1

I have output like ; (The columns separated by tab \t)

name1   something1
name1   something2
name1   something3
name2   something4
name2   something5

For this output I need two output (if there is name3, I will need 3 output) like

name1   something1
name1   something2
name1   something3

and

name2   something4
name2   something5

I think this will be done by AWK but I couldn't create magic words.

What is the best way to do this?

I need a condition to read $1 "1.column" and print all of them(not delete duplicates) unless it will change and print other columns ($2,$3,...)

I think using loop it prints first output and so on.

2

Try this:

awk -F'\t' '{print>$1;}' file

When the above command is complete, there will be two more files in the directory:

$ cat name1
name1   something1
name1   something2
name1   something3
$ cat name2
name2   something4
name2   something5

How it works

  • -F'\t'

    This tells awk to use a tab as the field separator.

  • print>$1

    This tells awk to print each line to the a file named after the first field.

Removing illegal characters from file names

Suppose the input file looks like:

$ cat file
name/1  something1
name/1  something2
name/1  something3
name/2  something4
name/2  something5

The following code creates files based on the name field but with the / removed:

awk -F'\t' '{name=$1; gsub(/[/]/, "", name); print>name;}' file

The above was tested on GNU awk and ran successfully. If your awk does not accept , then try:

awk -F'\t' '{name=$1; gsub("/", "", name); print>name;}' file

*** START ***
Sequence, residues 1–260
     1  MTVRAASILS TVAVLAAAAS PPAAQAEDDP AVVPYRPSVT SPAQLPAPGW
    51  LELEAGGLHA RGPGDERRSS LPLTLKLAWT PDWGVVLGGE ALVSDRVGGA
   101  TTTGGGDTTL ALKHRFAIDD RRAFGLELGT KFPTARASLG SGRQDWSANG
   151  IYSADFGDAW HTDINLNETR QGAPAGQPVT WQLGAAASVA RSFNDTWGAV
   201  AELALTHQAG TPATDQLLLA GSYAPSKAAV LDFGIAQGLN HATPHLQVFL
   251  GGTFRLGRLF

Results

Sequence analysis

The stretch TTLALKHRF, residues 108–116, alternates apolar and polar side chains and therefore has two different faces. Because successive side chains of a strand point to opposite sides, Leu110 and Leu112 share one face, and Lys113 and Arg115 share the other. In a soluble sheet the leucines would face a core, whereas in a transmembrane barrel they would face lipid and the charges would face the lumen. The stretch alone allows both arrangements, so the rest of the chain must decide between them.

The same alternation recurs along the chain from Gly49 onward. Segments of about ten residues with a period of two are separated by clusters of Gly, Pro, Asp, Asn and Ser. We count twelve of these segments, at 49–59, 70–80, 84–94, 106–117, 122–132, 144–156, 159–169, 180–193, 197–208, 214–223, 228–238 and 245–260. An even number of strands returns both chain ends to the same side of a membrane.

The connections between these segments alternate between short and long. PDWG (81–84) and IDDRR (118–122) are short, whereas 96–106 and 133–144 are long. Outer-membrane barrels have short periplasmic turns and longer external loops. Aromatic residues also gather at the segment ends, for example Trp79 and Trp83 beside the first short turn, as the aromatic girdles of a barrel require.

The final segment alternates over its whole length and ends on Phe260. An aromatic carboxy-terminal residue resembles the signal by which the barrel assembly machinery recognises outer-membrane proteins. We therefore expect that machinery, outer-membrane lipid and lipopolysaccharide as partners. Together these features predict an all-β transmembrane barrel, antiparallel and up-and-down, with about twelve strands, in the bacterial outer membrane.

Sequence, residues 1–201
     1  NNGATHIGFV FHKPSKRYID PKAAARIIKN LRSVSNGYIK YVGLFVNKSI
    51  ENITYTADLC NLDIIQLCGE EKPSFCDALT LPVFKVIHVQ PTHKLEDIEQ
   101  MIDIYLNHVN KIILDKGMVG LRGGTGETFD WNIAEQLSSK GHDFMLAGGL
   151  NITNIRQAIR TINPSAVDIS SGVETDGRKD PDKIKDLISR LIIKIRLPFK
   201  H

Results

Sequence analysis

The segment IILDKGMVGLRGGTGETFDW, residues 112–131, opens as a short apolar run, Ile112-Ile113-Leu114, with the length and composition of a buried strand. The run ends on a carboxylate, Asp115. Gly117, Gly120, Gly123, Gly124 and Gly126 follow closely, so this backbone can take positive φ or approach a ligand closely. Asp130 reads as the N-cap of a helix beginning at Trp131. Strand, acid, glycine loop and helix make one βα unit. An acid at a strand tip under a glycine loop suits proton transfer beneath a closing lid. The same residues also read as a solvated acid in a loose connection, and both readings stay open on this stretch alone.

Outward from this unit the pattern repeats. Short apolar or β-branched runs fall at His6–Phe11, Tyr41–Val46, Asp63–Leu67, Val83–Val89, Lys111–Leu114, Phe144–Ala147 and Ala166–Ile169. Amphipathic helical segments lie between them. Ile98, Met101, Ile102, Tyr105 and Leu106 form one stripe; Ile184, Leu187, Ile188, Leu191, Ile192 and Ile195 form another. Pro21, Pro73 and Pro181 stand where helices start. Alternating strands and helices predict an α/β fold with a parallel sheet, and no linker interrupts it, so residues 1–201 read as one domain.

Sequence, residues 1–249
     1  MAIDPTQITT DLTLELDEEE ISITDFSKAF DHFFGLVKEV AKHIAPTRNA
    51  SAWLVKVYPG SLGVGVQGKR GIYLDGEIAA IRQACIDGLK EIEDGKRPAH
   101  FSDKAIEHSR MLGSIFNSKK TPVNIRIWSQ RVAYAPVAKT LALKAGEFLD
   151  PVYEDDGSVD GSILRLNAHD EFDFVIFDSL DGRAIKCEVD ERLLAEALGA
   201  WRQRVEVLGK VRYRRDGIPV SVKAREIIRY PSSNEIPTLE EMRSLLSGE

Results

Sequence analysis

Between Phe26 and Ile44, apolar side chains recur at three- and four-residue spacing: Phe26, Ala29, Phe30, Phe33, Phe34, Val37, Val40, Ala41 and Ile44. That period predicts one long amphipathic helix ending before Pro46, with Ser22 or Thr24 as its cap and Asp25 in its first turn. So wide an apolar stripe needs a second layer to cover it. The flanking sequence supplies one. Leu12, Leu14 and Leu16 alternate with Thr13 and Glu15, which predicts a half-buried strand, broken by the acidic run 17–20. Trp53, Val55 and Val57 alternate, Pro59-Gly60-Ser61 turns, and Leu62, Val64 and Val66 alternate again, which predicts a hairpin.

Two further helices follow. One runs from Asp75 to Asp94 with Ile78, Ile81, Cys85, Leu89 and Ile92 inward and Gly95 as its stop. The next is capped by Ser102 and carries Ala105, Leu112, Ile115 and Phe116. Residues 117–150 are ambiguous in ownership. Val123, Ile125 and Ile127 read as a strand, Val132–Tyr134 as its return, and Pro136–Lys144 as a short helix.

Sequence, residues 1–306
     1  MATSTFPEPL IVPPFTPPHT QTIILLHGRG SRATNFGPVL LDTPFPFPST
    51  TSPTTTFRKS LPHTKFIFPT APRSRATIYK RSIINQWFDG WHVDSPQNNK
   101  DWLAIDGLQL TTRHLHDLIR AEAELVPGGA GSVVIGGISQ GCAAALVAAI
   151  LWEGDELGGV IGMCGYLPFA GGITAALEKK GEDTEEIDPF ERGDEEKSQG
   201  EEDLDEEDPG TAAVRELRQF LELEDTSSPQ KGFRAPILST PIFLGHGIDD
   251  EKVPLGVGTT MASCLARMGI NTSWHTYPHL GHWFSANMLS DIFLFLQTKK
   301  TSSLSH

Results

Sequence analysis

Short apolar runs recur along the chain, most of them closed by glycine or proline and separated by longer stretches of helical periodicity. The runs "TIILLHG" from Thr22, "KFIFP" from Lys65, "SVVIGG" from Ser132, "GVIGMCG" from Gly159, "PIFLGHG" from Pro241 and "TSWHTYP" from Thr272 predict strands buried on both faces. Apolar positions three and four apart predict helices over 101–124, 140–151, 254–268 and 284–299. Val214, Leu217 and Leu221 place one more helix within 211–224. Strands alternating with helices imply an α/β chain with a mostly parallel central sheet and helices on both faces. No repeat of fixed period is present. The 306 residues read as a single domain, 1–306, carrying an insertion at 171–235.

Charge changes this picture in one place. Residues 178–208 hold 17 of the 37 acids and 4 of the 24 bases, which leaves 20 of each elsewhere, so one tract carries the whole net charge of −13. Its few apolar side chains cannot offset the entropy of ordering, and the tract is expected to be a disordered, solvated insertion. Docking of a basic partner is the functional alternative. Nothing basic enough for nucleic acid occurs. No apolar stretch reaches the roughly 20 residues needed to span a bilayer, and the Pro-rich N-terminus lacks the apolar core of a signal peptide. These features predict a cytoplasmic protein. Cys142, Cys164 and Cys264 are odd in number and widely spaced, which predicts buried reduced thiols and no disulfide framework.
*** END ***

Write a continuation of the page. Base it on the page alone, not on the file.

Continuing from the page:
or:

awk -F'\t' '{name=$1; gsub(/\//, "", name); print>name;}' file
  • 1
    lol thats elegant! – theoden Aug 11 '15 at 21:48
  • AWK cannt open "name1" for output? It wont create a file? – makgun Aug 11 '15 at 21:53
  • @makgun That likely means that the command is being run in a directory for which you do not have write permission. Before running the command, cd to a directory that you own. – John1024 Aug 11 '15 at 21:55
  • I am at $HOME in my bash-shell – makgun Aug 11 '15 at 21:57
  • The problem cause for meta charecters which doesnt allowed by system to be named a file like : / – makgun Aug 11 '15 at 22:00
0

I think this should work:

mkdir tmp; cd tmp
while IFS= read line; do
    echo "$line" >> $(echo "$line" | awk '{print $1}')
done
cat *

This reads input line by line and appends each line accordingly to it's first argument.

If you want to stream it to variable:

while IFS= read line; do
    key="$(echo "$line" | awk '{print $1}')"
    eval "INPUT_$key='\$INPUT_$key\$line'"
done

If you have big demands from it, use:

#!/usr/bin/python

import sys
import re

for line in sys.stdin:
    f = open(re.split("\s+", line, 1), 'a')
    f.write(line)
    f.close()

This will work. Must. It can't fail.

  • With this , it prints just $1 and it wont find last line if it changes – makgun Aug 11 '15 at 21:43
  • @makgun, it will, if you press enter. – theoden Aug 11 '15 at 21:49
  • I created bash script and I added this to file with adding < <(cat $file) after done but it didnt work – makgun Aug 11 '15 at 22:03
  • @makgun, if you are planning to use all kinds of characters on all platforms, don't use bash/awk/gawk/etc, use perl/python. – theoden Aug 11 '15 at 22:33
  • I don't know how phyton works and I need to change all previous command to get this my first output – makgun Aug 11 '15 at 22:40

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